JULIE SHEA, co-owner of The Mustard Seed Bookstore, rearranges books on the classics shelf of her Bath store.

JULIE SHEA, co-owner of The Mustard Seed Bookstore, rearranges books on the classics shelf of her Bath store.

BATH

Despite the bitter cold, customers didn’t shy away from The Mustard Seed Bookstore’s recent grand opening.

Located on 74 Front St. in Bath, a steady stream of 300-350 people trickled in and out of the store on opening day, according to owners Mike and Julie Shea.

“We’ve had a wonderful response — very positive,” Julie said.

So far, customers have been pleased with the atmosphere of the store and the variety of books, according to the Sheas.

OLIVIA SHIPSEY, a junior at Morse High School, works the register at The Mustard Seed Bookstore in Bath.

OLIVIA SHIPSEY, a junior at Morse High School, works the register at The Mustard Seed Bookstore in Bath.

“What we are trying to do is make this place feel like your living room, so that people feel relaxed,” Mike added.

In addition to the homey atmosphere, a wide selection of tea is also what makes the store unique.The vintage tea station by the register displays information cards and jars of sample loose leaf teas where customers can learn about different teas, and even take a whiff before deciding on a flavor. Customers have the option of buying a cup, a small pot, or a large pot of tea during their visit.

Although tea is making a comeback, Julie said the most important part of the business is keeping an independent bookstore in Bath, especially with the closing of Bath Book Shop in late January.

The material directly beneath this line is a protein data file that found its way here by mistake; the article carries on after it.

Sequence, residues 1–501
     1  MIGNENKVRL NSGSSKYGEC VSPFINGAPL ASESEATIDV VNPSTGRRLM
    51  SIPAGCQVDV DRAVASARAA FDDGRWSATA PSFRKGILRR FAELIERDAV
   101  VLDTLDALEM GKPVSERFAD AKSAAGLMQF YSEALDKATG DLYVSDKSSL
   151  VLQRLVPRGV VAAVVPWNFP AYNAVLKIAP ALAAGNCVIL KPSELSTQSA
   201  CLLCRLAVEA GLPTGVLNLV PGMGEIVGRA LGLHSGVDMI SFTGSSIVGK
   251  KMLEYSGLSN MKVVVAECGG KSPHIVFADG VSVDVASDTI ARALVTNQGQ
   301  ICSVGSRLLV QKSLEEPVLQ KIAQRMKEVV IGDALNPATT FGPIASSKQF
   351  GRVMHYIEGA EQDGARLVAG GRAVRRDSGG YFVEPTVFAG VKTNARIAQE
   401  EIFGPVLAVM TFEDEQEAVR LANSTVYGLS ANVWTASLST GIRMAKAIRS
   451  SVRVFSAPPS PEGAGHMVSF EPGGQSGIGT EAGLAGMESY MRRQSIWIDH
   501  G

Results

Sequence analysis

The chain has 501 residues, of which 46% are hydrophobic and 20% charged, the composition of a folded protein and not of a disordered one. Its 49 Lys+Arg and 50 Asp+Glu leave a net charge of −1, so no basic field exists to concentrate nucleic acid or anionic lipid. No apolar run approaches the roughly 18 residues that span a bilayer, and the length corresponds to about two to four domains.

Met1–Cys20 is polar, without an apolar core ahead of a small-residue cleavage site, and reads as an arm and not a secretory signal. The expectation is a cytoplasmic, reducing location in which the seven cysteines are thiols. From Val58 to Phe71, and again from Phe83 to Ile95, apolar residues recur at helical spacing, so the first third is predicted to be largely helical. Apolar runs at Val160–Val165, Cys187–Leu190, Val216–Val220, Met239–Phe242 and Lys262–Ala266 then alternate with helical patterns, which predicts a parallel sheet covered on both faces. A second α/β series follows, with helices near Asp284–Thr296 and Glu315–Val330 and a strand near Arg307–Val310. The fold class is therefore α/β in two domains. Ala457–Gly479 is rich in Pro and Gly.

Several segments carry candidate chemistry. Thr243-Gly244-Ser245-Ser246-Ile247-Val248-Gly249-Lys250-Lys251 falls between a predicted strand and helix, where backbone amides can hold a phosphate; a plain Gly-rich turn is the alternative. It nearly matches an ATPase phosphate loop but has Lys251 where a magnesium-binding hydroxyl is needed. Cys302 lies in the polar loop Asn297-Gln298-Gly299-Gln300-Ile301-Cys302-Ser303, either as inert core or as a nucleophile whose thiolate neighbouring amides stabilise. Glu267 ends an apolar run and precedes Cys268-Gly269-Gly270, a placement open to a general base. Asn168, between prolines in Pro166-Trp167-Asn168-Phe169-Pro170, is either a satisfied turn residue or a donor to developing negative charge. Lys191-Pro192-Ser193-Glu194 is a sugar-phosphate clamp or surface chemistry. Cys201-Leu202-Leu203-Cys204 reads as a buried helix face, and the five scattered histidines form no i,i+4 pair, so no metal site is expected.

Owning a bookstore was Julie’s longtime dream, one that she’s had “all her adulthood.”

The first book she recalls being read to her was the children’s book “Madeline” by Ludwig Bemelmans. This sparked a lifelong penchant for reading and a desire to share her love of books with people of all ages.

After the Sheas moved from New York, where Mike was a school administrator and Julie worked as a teacher, they bought a home in Georgetown a few years ago to retire early from their education jobs.

Julie credits the transition she’s made from teaching and raising kids, to where she is now as a business woman to her faith in God.

Her and her husband’s beliefs are closely tied to the name of the store, as it references Matthew 17:20 — a passage in the Bible that describes having faith “the size of a mustard seed.”

She explained, “It’s simply having this much faith — teeny, tiny, incremental faith, but taking the faith in God and in ourselves to accomplish it with God’s help. The sky’s the open limit.”

The Sheas also attributed their success to friends Mark and Susan Shipsey, who have partnered with the couple and helped market and design the store.

“They have just been the backbone. I can’t say enough about Mark and Susan,” Julie said.

According to Julie, the Shipseys “wanted to come along (with) somebody who wanted to open a business to benefit the community and bring beauty and goodness into a store space. They really are the heart and soul behind our dream.”

The Shipseys hail from Nashville, Tenn., but fell in love with Bath while vacationing in Maine.

According to the Shipseys, “We loved the small town feel and the sense of mutual respect that we did not experience in the city. We wanted that for our lives and we also believed that we could contribute to the Bath community. We wanted to give and receive. The bookstore is a perfect vehicle for that.”

When asked about some long-term goals for the store, the Shipseys and Sheas both said they are interested in coming up with events that will bring the community together.

This includes host speakers, poetry readings, story time for kids, poetry slams for the youth and a variety of educational opportunities. They also hope to offer the space for book clubs, birthday parties, showers and small events.

“We want to do things that build on the strong community we already have in Bath. We also want to bring some new life and energy to this incredible little community,” the Shipseys added.

With visitations from author Lily King and Maine Poet Laureate Wesley McNair already planned for the spring, it seems that The Mustard Seed Bookstore is well on its way to achieving its dreams.

“We all have a story, we all have hopes and dreams,” Julie said. “It may take a little while to get there, but don’t give up on any dream.”


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